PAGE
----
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Local Sourcing: We’re All in This Together


by Katie Bricker, foodservice and general marketing manager for HLC

A friend took me to a favorite bistro not long ago, and it struck me how committed the place was to locally sourcing as many ingredients as possible. There were signs hanging in the dining room, notes on the menu, and even a few pictures of the farms and fields where the ingredients came from. Everything tasted fresh and fantastic!

This has obviously been a trend in dining for a while, but it got me to thinking—what about locally sourcing the plates and bowls, too?

The thought makes perfect sense. If you’re going to give your customers a farm-to-table experience, shouldn’t it be served on dinnerware that’s “earth-to-table?” Dinnerware made from clay from the banks of an American river by local workers who know their communities and work hard to deliver a quality product.

Many of us are making the effort to buy local and support independent businesses in our communities. I believe that “local” has an even greater reach: that it extends to buying from independent businesses all over our country. It’s the right thing to do.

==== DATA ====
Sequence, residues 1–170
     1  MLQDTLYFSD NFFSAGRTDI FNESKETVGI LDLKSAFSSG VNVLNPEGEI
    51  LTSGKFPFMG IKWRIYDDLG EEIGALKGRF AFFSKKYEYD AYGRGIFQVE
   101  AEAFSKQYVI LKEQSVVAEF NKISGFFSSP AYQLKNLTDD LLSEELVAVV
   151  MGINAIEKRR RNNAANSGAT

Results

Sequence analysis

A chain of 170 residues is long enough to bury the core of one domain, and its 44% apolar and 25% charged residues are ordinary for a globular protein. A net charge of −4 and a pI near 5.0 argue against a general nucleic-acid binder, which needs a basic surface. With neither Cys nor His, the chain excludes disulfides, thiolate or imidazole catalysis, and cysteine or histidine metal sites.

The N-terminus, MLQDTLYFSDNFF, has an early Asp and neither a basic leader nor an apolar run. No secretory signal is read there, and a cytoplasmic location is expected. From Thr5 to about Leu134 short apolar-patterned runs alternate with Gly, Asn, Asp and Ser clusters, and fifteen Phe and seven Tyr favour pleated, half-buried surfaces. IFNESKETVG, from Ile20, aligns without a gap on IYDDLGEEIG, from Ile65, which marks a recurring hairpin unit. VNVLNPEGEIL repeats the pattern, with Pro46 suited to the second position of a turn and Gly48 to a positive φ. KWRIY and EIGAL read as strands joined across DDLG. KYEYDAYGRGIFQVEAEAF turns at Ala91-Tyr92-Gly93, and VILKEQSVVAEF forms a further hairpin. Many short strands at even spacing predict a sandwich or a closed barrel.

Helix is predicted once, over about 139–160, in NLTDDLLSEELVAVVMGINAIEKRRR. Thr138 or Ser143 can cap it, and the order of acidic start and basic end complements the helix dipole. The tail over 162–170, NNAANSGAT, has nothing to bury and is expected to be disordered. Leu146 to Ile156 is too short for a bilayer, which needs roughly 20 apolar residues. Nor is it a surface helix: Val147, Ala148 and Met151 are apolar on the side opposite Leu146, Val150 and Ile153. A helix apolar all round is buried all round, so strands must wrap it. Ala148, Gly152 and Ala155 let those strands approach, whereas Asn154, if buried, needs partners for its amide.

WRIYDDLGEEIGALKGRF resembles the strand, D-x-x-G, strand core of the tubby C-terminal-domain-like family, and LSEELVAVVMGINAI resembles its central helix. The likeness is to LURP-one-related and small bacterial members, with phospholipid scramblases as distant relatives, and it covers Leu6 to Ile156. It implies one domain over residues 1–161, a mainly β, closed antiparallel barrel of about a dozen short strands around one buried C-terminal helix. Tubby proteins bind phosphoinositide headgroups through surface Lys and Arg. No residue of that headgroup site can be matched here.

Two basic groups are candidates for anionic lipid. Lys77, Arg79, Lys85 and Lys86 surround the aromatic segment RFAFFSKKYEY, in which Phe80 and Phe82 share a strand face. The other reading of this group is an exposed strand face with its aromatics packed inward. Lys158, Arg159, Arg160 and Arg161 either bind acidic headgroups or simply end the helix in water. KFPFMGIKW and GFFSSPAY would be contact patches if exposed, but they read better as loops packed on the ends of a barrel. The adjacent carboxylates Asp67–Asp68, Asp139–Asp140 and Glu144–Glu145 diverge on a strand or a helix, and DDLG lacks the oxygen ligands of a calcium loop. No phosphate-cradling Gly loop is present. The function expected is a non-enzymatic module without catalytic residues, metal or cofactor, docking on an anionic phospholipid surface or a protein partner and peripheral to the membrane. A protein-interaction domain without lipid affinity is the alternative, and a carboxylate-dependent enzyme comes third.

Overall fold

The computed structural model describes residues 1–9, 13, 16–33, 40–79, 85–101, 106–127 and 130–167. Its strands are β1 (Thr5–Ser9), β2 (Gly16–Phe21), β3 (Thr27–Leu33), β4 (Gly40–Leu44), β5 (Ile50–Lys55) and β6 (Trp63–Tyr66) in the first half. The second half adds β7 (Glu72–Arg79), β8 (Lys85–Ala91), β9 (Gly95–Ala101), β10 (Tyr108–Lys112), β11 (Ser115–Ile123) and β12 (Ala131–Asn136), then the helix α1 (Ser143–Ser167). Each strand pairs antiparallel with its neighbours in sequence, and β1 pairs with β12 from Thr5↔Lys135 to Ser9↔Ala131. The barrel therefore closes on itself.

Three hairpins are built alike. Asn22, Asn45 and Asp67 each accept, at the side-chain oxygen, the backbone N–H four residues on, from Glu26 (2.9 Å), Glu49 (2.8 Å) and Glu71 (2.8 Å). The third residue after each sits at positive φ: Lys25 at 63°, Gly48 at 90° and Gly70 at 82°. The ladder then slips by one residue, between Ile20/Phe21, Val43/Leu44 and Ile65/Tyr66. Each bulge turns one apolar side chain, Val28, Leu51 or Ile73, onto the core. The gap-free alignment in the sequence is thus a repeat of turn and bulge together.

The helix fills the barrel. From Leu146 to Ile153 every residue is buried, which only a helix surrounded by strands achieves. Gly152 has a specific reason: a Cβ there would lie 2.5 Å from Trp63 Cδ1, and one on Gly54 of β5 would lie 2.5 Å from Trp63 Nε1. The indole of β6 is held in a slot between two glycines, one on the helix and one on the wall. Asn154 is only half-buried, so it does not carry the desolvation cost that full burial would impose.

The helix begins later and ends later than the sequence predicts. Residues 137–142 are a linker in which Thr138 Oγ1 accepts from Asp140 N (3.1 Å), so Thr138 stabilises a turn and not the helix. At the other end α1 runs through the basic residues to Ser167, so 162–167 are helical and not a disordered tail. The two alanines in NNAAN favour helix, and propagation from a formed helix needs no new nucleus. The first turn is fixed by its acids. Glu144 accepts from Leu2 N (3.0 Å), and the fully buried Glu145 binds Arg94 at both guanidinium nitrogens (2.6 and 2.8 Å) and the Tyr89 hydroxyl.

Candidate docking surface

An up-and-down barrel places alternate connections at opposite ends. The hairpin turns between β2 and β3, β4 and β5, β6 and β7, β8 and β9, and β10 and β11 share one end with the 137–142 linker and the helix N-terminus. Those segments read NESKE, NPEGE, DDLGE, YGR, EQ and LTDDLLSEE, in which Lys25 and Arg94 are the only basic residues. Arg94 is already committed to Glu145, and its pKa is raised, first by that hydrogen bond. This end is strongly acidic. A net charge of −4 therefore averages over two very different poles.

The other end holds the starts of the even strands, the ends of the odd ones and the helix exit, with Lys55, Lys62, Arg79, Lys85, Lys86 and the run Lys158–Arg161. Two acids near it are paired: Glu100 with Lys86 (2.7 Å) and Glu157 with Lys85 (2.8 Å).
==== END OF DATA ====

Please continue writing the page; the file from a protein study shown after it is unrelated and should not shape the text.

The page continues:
Local sourcing shows pride in American workers and promotes the passion they bring to their work. It solidifies meaningful relationships with suppliers who are dedicated to their trades, in their communities and all over the USA. It supports the economy through taxes, payroll, and supply purchases. It also means faster shipping with no overseas transportation charges built in. It seems like an idea we can all get behind.

There’s something about quality dinnerware that you can just feel from your fingertips up. Something in the sturdiness, the weight, and the attention to detail that reflects the honesty with which it was made. The heft, beauty, and uniformity all tell the story, and it’s a most American of stories—a story of experienced people doing only one thing and doing it better than anyone else.

When every aspect of production is locally controlled, the end results will not be denied. From design to manufacturing, from an endless palette of creative color glazes to scores of patterns, from custom embossments to hand-applied decorations, nothing can top dinnerware made right here at home.

As my friend and I finished our meal at that funky little bistro, bellies were full, taste buds were dancing, and ideas were flowing. Isn’t it time to bring “local” to the tabletop?